Momma, give me money
by Linda Manhardt –
When I served as a reinforcement officer in Kenya, I often went to THQ to conduct business. While walking the streets of Nairobi, I would constantly be bombarded by those in need. Pictures flash in my mind today of a leper who could read, sitting on a sidewalk and reading the newspaper to a small crowd of men who could not. At street corners, were women with babies, outstretched hands and pleading eyes—“Mzungu (Westerner), help me!”
As I continued to make my way through the streets, I could not help but be affected by the suffering around me. I tried to walk quickly, look purposeful and not make eye contact with the hurting. To pass an old woman with a paper cup and a vacant look of despair is a painful thing; yet, I could not help them all. The need that surrounded seemed to be a black hole that I could not fill.
And the children! Dozens and dozens of children begging! They are called “parking boys”—street children who earn coins by “helping” people find parking spaces. Their self appointed duty is to hold up traffic so you can get into a parking space, help guide the car in, and “guard” it from harm (basically from other parking boys…).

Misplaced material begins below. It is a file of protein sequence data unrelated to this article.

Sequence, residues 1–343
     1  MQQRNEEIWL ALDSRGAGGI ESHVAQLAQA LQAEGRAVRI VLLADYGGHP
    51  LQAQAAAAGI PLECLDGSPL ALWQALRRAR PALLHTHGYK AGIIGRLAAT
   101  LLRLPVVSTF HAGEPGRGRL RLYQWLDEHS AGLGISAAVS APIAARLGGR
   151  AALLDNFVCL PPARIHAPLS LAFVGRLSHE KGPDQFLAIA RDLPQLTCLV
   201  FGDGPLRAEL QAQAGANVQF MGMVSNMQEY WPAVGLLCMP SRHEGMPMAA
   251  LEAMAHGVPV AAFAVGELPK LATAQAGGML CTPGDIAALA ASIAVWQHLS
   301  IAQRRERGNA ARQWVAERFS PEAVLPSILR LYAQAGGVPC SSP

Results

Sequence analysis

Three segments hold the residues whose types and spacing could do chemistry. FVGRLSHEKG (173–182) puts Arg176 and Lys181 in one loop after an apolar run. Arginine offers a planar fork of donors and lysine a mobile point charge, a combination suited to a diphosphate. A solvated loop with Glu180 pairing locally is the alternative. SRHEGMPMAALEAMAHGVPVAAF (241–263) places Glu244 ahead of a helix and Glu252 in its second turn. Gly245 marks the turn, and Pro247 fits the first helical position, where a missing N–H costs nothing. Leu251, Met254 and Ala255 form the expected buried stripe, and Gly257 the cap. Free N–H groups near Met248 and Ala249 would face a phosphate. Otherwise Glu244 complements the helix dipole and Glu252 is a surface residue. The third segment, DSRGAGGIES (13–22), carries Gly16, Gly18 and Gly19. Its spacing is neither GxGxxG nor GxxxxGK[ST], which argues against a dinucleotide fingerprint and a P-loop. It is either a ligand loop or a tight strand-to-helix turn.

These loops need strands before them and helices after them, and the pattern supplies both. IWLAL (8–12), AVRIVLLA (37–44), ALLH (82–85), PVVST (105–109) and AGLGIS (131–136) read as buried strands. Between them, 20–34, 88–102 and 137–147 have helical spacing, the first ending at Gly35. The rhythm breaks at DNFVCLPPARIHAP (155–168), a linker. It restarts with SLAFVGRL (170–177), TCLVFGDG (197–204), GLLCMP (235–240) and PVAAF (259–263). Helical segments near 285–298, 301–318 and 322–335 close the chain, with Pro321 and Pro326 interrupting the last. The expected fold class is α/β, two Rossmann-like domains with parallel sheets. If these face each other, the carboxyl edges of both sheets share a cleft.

I was on my way to the train station, and had no choice. I had to walk through the center of Nairobi. I was carrying my backpack and several other things, and I tried to ignore the pleas for help along the way. As I was nearing the station, yet another parking boy stood in my path and said, “Mamma, give me money!” This was the last straw—I was tired, hot and broke, and I had had enough! I replied, “Hapanna! Wewe nipe MIMI shilingi!” (“No! You give ME money!”)
That’s when everything changed.
This little boy, dressed in tattered clothing, stopped in his tracks. His eyes widened as he reached in his pocket and pulled out the few coins he had and handed them to me. I was mortified! I was humbled, and I was deeply ashamed—of my self-centered impatience, of my abundance, and of my attitude.
I learned many things that day.
That’s the beauty of God’s working out his plan in each of us through our contact with others. Through this little beggar boy, I learned obedience. (Children in African culture are taught to respect and obey adults.) I learned trust. (This little boy did not question why I asked him for money; he just gave it to me.) And I learned that Christ would have us do what we can, when we can.
No, we cannot fill the black hole of suffering in Africa. But we can make a difference—in one little life at a time.